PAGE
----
Ms. Lucy Yevoo (Medical Anthropology) presented findings on “Client influences on
Frontline Health worker(s) clinical decision-making and Maternal and Neonatal Care Health Outcomes”. She elaborated on underlying reasons by patients to not disclose comprehensively routine health information such as poor health worker attitudes as well as lack of privacy in the consulting room, and the effect on provider management and eventual outcome of care. The need for improvement in quality of provider-patient interactions was stressed.
Ms. Matilda Abereso-Ako (Medical Anthropology) presented on “Frontline Health Worker Conflicts, Motivation and Effects on Clinical Decision Making: An Organizational Anthropological Perspective”. She discussed health worker conflicts occurring in our health facilities and their effects on provision of maternal care. She recommended that improved services can only occur if team work and collaboration among staff is encouraged.
Ms. Aku Kwamie (Health Policy) presented her findings on “Realist approaches to district manager decision-making for maternal and newborn health in the Greater Accra Region, Ghana”. She noted that district health manager decision-making space has shrunk over the last decades as a result of resource uncertainty and hierarchy in the health system in Ghana, and that the leadership development program (LDP), which was implemented by the Ghana Health Service (GHS) only improved district manager decision making capability in the short-term but could not institutionalized in the medium term to long term due to resource constraints..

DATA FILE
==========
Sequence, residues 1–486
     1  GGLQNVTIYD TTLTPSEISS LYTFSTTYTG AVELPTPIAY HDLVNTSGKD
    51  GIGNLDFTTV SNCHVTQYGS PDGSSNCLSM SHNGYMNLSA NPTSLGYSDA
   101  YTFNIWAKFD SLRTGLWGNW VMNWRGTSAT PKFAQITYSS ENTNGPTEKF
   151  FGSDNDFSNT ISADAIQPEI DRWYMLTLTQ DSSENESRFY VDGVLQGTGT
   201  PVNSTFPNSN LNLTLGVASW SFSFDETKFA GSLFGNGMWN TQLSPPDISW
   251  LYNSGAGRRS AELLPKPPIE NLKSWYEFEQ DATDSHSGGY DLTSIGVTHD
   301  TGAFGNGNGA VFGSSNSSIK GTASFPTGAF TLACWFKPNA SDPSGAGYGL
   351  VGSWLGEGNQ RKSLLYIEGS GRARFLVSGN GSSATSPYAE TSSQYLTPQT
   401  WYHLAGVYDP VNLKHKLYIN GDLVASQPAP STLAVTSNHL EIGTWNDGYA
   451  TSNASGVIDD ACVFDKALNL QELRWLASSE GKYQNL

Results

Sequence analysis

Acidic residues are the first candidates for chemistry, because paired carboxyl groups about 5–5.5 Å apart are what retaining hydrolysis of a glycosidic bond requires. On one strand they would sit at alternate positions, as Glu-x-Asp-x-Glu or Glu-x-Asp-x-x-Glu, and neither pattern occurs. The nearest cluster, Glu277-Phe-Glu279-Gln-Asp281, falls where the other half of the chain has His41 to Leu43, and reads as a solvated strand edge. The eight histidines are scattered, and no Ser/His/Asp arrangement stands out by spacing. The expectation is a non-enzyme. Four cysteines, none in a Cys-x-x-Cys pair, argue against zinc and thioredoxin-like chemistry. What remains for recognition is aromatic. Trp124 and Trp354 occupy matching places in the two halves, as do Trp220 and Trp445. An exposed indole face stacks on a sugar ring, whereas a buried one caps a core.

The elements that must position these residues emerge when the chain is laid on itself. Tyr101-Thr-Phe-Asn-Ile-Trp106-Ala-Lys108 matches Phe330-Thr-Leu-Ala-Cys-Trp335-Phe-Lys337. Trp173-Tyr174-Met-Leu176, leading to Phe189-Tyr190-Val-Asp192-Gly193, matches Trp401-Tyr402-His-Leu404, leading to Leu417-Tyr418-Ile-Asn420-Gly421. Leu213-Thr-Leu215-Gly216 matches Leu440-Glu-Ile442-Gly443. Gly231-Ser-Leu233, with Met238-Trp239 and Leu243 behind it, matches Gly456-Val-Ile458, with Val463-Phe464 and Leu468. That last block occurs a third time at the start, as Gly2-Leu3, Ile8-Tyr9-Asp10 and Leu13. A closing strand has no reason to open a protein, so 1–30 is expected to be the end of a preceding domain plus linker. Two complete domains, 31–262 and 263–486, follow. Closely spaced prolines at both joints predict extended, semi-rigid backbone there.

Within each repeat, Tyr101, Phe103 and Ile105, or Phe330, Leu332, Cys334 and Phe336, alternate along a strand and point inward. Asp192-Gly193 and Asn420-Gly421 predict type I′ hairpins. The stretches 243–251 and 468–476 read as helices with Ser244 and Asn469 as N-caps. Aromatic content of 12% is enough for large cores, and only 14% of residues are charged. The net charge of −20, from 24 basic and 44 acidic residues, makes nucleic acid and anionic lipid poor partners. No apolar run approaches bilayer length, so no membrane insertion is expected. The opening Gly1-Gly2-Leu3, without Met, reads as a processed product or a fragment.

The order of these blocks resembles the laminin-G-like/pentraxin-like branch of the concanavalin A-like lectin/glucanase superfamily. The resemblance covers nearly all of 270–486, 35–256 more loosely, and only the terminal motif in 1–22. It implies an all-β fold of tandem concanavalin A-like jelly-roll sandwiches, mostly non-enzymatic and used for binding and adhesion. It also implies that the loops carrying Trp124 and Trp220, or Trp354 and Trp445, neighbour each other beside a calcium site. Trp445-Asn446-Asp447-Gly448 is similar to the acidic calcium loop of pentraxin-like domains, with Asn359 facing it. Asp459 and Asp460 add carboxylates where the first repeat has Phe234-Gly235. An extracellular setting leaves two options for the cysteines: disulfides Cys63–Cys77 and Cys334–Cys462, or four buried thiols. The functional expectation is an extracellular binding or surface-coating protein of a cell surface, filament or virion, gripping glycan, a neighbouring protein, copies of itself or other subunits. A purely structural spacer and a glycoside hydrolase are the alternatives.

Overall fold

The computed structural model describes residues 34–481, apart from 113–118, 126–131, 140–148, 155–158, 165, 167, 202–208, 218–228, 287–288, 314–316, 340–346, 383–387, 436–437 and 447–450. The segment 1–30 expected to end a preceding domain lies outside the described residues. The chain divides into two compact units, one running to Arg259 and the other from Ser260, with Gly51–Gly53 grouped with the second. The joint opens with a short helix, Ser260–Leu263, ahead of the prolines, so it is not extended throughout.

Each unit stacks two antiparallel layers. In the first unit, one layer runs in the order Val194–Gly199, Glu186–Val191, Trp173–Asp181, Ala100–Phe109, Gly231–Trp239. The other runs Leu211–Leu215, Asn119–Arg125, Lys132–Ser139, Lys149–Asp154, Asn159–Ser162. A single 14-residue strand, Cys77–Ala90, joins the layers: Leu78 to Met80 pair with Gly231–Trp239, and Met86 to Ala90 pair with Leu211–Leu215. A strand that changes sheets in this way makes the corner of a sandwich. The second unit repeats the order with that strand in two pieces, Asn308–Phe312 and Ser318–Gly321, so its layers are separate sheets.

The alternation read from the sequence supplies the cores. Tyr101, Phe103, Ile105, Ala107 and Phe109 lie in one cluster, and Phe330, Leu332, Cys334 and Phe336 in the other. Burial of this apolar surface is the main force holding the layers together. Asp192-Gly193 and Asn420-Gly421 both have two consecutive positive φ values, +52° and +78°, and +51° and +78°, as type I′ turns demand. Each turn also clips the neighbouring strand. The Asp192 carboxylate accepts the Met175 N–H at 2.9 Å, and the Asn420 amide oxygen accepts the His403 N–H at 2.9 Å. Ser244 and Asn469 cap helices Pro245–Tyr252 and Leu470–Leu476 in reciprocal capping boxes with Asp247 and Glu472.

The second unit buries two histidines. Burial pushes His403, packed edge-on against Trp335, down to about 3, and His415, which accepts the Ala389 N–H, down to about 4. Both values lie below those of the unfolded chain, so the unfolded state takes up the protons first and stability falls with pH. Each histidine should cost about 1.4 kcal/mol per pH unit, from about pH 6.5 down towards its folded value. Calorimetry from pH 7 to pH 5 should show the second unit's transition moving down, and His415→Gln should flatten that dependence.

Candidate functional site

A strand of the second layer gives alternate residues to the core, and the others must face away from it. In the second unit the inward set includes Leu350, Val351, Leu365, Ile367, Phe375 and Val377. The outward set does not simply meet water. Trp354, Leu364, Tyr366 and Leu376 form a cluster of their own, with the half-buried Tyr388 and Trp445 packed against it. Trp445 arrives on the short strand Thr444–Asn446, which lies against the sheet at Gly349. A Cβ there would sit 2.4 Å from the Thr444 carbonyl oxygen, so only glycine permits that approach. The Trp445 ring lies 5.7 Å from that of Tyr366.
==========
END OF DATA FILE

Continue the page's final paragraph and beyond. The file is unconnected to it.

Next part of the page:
Ms. Augustina Koduah’s findings were on “National maternal health policy agenda setting and outcomes and its implication for maternal and new-born outcomes”. She spoke about contextual factors such as national politics, economic issues and donor funding influencing the agenda setting for maternal and neonatal health policies, which need to be carefully considered for the implementation of effective maternal and neonatal health policies in Ghana.
Dr. Hanna Brown-Amoakoh presented an overview of the Accelerate project’s Phase-two activity, a “Cluster Randomized Controlled Trial (CRCT) to Evaluate the Effect of Mobile Phone-based Intervention for Maternal and Newborn care in Ghana” currently underway in the Eastern Region of Ghana. The study assesses whether text messaging of standard emergency care protocols to frontline health workers decreased the facility-based incidence of maternal and neonatal morbidity and mortality.
The ensuing discussion among the research team and workshop participants centered on the translation of the findings into policy and practice (knowledge translation), and the lessons that will enable attainment of the Sustainable Development Goals (SDGs) in Ghana, a follow-up to the United Nation’s MDGs. Sharing the project findings with a wider audience through policy briefs and engagement with stakeholders at the upcoming National Health Summit of the Ghana Health Service will provide for wider dissemination for policy and practice.